April 26, 2012 The Montreal Biodome
It was a very exciting day today. The people I have met and the sessions that I have attended over the last few days are really giving me some good connections, activities, and content for my classroom and I hope my school district and beyond. As a local activity, the conference directors offered to the teachers the opportunity to visit the Biodome for free. The building that houses the Biodome is part of the 1976 Olympic facility. This building was the site for the cycling events as the Velodrome. The building was turned in to the Biodome and opened to the public in 1992.
The Biodome houses several exhibits that focus on biomes that are found in the Americas. The first section we entered was a tropical rain forest that was built as a replica to the rain forests that are found in South America. The first thing you notice as you walk into the forest is the size of the plants and the room. There are huge trees and vines growing all around with plenty of animals living high off the ground. We were greeted by a Grey-Winged Trumpeter bird as soon as we were on the walkway. Many other birds flew overhead such as a Scarlet Ibis, Military Macaws, and small Spangled Cotinga. On the ground we saw a Golden Lion Tamarin being fed while a pair of Capybaras were standing in the river. There were also plenty of fish and even a cave area with two species of bats flying around.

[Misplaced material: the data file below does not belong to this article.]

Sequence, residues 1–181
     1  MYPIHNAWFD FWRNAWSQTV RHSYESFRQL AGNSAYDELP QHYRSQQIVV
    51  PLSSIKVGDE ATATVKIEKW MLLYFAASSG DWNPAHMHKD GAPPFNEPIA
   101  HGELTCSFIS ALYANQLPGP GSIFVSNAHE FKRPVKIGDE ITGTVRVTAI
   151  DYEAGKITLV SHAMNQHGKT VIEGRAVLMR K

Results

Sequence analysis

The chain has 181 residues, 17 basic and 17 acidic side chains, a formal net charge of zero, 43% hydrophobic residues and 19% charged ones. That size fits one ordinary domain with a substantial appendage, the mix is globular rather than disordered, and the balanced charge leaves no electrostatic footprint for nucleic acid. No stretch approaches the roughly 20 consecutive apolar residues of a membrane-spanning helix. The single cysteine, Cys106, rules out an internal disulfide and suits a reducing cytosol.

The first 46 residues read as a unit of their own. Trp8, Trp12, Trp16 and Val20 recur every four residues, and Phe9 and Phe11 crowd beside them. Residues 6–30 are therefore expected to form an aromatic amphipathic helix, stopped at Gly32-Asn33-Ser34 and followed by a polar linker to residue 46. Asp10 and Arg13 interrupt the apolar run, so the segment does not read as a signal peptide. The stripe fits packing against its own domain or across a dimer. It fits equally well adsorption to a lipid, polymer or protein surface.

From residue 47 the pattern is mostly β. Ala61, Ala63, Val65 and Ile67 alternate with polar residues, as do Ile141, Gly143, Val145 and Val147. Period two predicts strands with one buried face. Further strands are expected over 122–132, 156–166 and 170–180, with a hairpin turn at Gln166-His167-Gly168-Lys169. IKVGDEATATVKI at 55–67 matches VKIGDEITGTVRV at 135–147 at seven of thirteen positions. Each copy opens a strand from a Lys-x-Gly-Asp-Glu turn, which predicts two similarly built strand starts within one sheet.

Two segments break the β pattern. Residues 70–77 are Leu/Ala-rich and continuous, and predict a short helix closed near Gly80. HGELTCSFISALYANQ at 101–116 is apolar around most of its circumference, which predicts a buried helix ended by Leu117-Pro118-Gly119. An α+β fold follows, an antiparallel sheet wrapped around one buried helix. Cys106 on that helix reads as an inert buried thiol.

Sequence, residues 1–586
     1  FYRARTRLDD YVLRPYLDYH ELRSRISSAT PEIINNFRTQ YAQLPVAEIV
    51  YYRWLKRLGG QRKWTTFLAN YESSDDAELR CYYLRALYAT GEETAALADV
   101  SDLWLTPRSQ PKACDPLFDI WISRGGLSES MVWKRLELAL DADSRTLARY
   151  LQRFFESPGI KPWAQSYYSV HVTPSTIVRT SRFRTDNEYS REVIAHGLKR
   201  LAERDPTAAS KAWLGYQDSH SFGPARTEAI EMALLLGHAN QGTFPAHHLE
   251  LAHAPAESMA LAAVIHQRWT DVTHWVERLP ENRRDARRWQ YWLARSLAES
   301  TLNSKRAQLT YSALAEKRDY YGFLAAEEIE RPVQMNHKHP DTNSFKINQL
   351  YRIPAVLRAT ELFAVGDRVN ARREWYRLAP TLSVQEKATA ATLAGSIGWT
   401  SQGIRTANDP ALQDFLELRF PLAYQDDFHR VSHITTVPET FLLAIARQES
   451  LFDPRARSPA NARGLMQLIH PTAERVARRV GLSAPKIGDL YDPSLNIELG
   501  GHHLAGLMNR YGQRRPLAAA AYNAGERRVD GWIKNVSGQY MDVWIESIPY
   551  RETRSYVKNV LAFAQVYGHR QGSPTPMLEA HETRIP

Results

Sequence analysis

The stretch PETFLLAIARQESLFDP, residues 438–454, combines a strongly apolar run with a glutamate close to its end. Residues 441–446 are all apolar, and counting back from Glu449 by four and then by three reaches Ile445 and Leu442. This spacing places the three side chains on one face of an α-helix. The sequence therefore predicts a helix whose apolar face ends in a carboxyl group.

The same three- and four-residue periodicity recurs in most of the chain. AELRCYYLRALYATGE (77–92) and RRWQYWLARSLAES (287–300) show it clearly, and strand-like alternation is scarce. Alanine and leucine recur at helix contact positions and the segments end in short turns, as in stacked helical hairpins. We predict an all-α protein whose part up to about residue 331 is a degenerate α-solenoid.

The next ecosystem we entered was the Maple Forest. This is a replica of a woodland area that would be common in the northeastern United States and southern Canada. Not only did we see various types of maple trees and fir trees, we also came upon an American Beaver and a pair of American Porcupines. Screened into separate areas we also looked at a Canada Lynx and several River Otters. All the time there were over a dozen types of birds flying over our heads and singing their songs. From there we entered the Gulf of St. Lawrence area, which is the river that separates the U.S. northeast states from the more northerly Canadian provinces. This is an estuary environment that includes saltwater species. We saw Atlantic Halibut, Atlantic Salmon, Sugar Kelp and many other fish and invertebrate organisms. The other half of this area was dedicated to the various birds of the region. There were several types of ducks and shore birds, including Black-Legged Kittiwakes and Common Terns.
My favorite was the last area modeled around the Sub-Polar Regions of Canada as well as some species from around the Antarctic. The areas that we walked in were not cold because the animals were all behind glass walls that kept them separate from us. At first there were many birds such as Razorbills and Atlantic Puffins swimming in the pools and diving all around. In the last section we came to one my favorite ground of birds, the penguins! There were four species in the room and swimming in the water. The Macaroni Penguins were the smallest and looked really cool with their yellow eyebrows. The next largest were the Northern Rockhopper Penguins from the sub-Antarctic islands. Then came the Gentoo Penguins who were mostly taking up the swim duty. The largest species in the exhibit were the King Penguins. We arrived around feeding time so there was a calm group of birds standing around the man with the fish. It was great to see all of these animals in one place.